“The airport is
like a rural bus station, somewhere at the end of the world. It’s
dark. A couple of unwashed guys offer me a taxi ride, and in the end
I have to go with one of them to get to my hotel.
The taxi coughs and
rattles, and hardly even starts. There’s no meter, but the driver
grunts that the price is ‘twenty-five’. But twenty-five what? It
turns out he wants Tanzanian shillings, but not twenty-five –
twenty-five thousand. They’re a liberal kind of people in Dar es
Salaam, and the thousands evidently go without saying. I do a quick
mental calculation, and it comes to about ten or twelve euros. Not
the end of the world, I suppose…
I ask the
receptionist what parts of the city are worth visiting, and she gives
me a quizzical look. I try to explain – what are the sights? What’s
worth a visit? She still doesn’t understand. It turns out she
speaks excellent English – that isn’t the problem at all. The
problem is that there simply aren’t
any sights in Dar es Salaam.
Can you imagine a
capital city, anywhere in the world, with literally nothing to see?
Well, visit Dar es Salaam and you’ll find out what it’s like.
There’s a local tourist magazine called ‘Where’, which lists
tourist activities, and there’s not a single word in it about what
to see or do in the capital. It just recommends a few restaurants and
hotels, then moves straight on to the – horrendously expensive –
safaris. One night in the Ngorongoro nature reserve, for instance,
costs $1000 per person. Those are the sort of prices they’re
In spite of
everything, the next day I decide to take a taxi into town. ‘Show
me whatever you think would be interesting,’ I tell the driver. He
takes me to the fish market.
The first thing that hits me is the appalling
smell – at first, I don’t even want
to get out of the car. At last, for the sake of getting a few photos,
I clamber out. It isn’t easy to walk – a major source of the
smell is the fish offal on the ground. Then there’s the fact that
everyone especially wants to sell me something. Whether it’s an
inflated angler fish or giant, shiny mussels or a gutted barracuda.
There are even small sharks, whole tuna, and anything else you can
The women carry huge
boxes and buckets on their heads. You can see that one or two almost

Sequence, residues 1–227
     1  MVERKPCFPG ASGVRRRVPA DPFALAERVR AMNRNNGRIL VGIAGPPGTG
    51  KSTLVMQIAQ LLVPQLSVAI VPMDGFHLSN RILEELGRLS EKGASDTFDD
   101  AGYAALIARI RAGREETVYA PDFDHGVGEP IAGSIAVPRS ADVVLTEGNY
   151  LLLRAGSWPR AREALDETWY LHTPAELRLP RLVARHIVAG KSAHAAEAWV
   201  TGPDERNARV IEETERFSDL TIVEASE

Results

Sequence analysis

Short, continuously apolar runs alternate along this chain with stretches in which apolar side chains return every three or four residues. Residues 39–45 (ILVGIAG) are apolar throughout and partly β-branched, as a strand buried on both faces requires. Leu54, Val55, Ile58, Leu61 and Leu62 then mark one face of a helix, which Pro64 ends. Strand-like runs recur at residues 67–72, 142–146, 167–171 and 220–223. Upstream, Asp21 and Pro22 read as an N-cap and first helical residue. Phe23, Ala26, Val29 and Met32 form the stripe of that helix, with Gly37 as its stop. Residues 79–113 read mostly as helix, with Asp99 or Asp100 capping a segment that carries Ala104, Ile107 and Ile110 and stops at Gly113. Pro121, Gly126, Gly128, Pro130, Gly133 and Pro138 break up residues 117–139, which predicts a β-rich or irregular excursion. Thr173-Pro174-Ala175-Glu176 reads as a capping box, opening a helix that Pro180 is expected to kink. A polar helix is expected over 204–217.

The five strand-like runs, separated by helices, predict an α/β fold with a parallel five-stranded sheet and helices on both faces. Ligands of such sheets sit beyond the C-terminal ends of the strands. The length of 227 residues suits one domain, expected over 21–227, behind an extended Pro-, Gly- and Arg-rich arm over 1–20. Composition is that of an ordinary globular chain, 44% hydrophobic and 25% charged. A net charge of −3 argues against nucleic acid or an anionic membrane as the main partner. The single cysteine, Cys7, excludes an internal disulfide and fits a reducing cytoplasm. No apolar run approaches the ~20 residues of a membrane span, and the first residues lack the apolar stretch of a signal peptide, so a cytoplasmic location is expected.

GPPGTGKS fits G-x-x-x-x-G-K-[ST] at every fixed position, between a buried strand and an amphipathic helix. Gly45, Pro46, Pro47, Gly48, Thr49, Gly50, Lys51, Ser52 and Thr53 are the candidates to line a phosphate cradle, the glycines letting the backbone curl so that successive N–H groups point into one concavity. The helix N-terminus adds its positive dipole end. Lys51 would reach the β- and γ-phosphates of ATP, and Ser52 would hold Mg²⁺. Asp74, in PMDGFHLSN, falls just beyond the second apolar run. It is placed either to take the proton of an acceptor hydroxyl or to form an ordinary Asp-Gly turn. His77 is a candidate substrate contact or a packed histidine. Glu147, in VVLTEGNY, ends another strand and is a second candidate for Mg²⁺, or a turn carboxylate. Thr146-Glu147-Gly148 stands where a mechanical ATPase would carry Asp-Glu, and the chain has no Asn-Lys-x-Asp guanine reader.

buckle under the strain, but still, they carry them. That’s just
life! Women don’t seem to have much status here.
The market is
unbelievably noisy, and there’s no refrigeration. I don’t see so
much as a single ice cube. They just lay the fish out on the ground,
or on a slab of concrete. They have to sell their fresh catch
quickly because it won’t stay edible for long. That’s life here,
the struggle to earn your daily bread.
I hurry back to the
taxi and we drive on, towards an attractive beachfront area. It turns
out that this is the part of town where the embassies are located,
and the villas of foreign diplomats. Poor ambassadors and attachés!
Anyone sent here by their nation’s government would quickly see it
as more of a punishment than an honor, because however much money
they earn, however, many parties, tennis matches, and golf tournaments
they attend, the minute they walk out into the street they’ll find
themselves in the same chaos and dirt as ever. Not for them the
excitement and luxury of a few days’ Serengeti safari – they have
to spend their days in Dar es Salaam…
In our search for
sights, we travel on to a few handicraft shops. The prices are
undeniably very reasonable. Leather slippers, women’s dresses of
fine material, high-quality handbags and carved wooden figurines are
all on sale for a fraction of the price elsewhere.
I buy a few
souvenirs and we drive on to the painters’ street. Here the stalls
of the local artists are all grouped together in one place. The
paintings are just laid out on the ground, or leaned up against a
fence, though of course the more prosperous have a little shop. There
are portraits of Masai men, chaotic street scenes from Dar es Salaam,
and pictures of wild animals. That’s what’s on offer. I don’t
see any other customers.
Most tourists only
spend a maximum of one night in Dar es Salaam, before heading off on
safari or traveling to Zanzibar. I was heading for Zanzibar myself,
but before setting off for the ferry terminal I decided to take a
a quick look at the old town.
Well, I only thought I’d seen pandemonium. The streets are lined
with vendors, and their wares – shoes and clothes – are simply
piled in the street between the parked cars. Everyone is rummaging
about in the piles. How anyone can keep track of what belongs to whom
and who bought what and when is completely beyond me…
I’m fascinated by
this sea of people, and the frantic bargaining going on everywhere.
Many of the women on the streets here wear veils, as there is a
substantial Muslim population. The Arabian influence. Men here are
protective of women, and you can get dirty looks, or even an angry
confrontation if their veiled wives happen to step into the frame of
your camera lens. You have to watch out, lest you offend local